[This is the annotated photo album of Doug and Cessna Kaye's one-week trip to Mexico's Copper Canyon area in July 2001. All of the pictures were taken with a Sony DSC-S70 3.3 megapixel digital camera. Due to memory restrictions the images were recorded at only one megapixel, 1280x960. The originals look great, and I wish I could post them here, but the image files are each 500kb, and it would take forever to download them even if they were compressed. As you'll see, it's slow enough as is. The images here are a maximum of 480x360, or about one eighth of the original image area. Furthermore, they have been compressed using JPEG to 10% of the original file size with the commensurate loss of sharpness.]
I've also created a simple web site containing photos of the other pilots and passengers at http://www.rds.com/coppercanyon/people. It's probably of interest only to those that were on the trip.
The trip was organized by Jack McCormick of the Baja Bush Pilots.
Please visit the Tarahumara Children's Hospital Fund web site. The site is advertising-sponsored, and the proceeds go to the clinic.
This web site consists of 13 pages and 85 images. If you don't have the patience to view the whole thing, you might want to skip to the last page and read about the excitement of the final 36 hours.
In July, 2001, we flew our Bonanza A36 to El Fuerte, in the state of Sinaloa, Mexico, where we joined another 25 people (14 airplanes, all told) on an exciting adventure through the Sierra Madre mountains and the Copper Canyon.
We entered Mexico at Ciudad Obregón, a city in northwest Mexico, southeast of Hermosillo. It's a trade and processing center in an agricultural region. Population: 165,572. After fuel, landing fees, "airplane" fees, customs, immigration, and filing a flight plan, we took off again for the 30-minute flight to the tiny airport at El Fuerte. It was hot -- about 115 degrees. Note the letters "EFR" (the identifier for El Fuerte) on the roof of the terminal.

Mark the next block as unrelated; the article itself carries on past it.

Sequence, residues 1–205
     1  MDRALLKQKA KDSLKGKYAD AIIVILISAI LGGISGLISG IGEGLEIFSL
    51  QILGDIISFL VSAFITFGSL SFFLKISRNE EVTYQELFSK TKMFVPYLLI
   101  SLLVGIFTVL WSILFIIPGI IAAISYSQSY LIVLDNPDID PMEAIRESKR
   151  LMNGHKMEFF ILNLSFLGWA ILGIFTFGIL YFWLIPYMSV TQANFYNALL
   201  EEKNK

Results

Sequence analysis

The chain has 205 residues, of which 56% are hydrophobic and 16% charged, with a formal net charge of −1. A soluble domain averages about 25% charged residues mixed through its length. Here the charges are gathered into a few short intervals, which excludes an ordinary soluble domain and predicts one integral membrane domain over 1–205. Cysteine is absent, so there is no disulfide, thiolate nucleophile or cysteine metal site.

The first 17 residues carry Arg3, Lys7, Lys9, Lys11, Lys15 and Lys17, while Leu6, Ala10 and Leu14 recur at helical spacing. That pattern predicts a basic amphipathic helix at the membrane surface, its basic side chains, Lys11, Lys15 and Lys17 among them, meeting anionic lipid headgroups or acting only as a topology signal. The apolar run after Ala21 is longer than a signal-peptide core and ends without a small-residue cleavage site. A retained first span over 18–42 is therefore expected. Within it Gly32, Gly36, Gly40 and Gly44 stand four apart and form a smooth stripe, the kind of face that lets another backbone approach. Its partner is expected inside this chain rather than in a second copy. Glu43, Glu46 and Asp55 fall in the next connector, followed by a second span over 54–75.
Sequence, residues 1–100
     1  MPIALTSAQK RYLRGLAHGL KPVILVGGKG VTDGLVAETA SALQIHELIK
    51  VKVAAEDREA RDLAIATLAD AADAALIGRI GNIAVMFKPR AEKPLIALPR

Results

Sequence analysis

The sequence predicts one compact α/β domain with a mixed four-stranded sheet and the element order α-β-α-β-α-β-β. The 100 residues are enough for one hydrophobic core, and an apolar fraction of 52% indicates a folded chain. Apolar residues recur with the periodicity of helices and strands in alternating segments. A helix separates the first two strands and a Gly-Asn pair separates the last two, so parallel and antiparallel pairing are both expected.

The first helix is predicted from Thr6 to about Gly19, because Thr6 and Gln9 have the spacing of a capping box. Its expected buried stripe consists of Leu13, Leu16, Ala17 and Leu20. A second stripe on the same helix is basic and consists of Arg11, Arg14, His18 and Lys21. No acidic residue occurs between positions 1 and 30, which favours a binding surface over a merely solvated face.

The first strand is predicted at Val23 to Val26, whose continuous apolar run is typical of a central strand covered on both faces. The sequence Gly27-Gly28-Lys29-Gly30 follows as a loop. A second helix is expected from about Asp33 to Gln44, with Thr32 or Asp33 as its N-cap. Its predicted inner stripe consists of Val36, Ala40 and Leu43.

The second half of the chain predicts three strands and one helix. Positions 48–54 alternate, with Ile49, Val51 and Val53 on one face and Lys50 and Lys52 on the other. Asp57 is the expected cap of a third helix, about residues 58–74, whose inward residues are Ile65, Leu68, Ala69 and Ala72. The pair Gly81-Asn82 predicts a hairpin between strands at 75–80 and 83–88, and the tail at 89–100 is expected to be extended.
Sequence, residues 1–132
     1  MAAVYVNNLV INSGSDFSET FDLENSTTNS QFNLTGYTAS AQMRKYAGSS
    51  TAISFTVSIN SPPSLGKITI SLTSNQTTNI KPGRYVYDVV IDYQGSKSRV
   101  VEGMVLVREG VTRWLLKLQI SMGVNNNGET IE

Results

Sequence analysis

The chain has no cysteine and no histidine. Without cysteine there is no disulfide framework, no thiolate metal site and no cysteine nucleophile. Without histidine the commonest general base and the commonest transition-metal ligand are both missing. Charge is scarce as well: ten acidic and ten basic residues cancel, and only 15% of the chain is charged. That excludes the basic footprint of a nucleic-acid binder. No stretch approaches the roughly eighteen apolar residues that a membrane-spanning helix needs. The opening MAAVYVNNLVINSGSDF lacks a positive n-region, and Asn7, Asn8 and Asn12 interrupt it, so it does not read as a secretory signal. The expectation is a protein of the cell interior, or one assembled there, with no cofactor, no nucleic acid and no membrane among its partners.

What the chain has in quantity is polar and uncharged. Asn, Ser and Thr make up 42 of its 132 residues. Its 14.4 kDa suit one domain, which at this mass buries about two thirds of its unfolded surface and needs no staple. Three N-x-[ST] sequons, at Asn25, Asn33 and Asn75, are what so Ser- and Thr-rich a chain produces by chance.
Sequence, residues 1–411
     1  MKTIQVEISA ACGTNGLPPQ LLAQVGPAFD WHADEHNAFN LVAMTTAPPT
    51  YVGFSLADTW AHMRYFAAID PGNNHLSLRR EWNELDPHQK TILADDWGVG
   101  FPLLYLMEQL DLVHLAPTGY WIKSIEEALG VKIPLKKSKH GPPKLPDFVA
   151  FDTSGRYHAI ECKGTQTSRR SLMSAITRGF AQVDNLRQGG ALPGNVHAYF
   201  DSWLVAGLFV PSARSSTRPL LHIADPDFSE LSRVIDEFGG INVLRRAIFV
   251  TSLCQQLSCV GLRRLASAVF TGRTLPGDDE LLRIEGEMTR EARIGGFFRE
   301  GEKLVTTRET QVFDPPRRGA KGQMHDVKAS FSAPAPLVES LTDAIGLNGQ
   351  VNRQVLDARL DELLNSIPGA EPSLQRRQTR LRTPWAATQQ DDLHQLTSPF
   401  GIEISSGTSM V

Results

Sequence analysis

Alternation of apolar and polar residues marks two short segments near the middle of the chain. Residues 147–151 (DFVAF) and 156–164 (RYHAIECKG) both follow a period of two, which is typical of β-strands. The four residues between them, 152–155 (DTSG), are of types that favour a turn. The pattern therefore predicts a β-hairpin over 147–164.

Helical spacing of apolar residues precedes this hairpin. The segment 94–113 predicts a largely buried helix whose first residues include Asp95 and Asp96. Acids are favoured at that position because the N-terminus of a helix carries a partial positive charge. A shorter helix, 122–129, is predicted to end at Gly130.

We took a local taxi (US$5 per person) into town and found the Hotel Posada Hidalgo, although without the taxi driver, you'd never recognize it as a place to stay.
In fact, the Hotel Posada Hidalgo is very pretty with shady walkways and corridors. We only ate one meal there, but it was quite good. And (most importantly) the hotel has air-conditioned rooms.
As the various pilots and passengers arrived throughout the afternoon (we were among the last), we gathered around the bar. The highlights that afternoon were the superb margaritas and a swimming pool that seemed at that moment like the best in the known universe.
Around 7pm, when the termperatures began to drop through 100 degrees, we walked three blocks to a local restaurant for dinner.
That's us on the left with Bob and Iris from Eugene, Oregon, who flew in their Cessna T206. (Click here to see more of the folks who joined us on this adventure.)
El Fuerte (the Fort) was founded in 1564 to protect the Spanish conquistadors from the native Zuaque and Tehueco indians. In 1824, El Fuerte became the capital of the Mexican state of Sinaloa. It's a small town of only 30,000 people. Downtown is an area of about five square blocks. After dinner we strolled through the beautiful center-of-town plaza..
Next (more photos)
©2001 Doug Kaye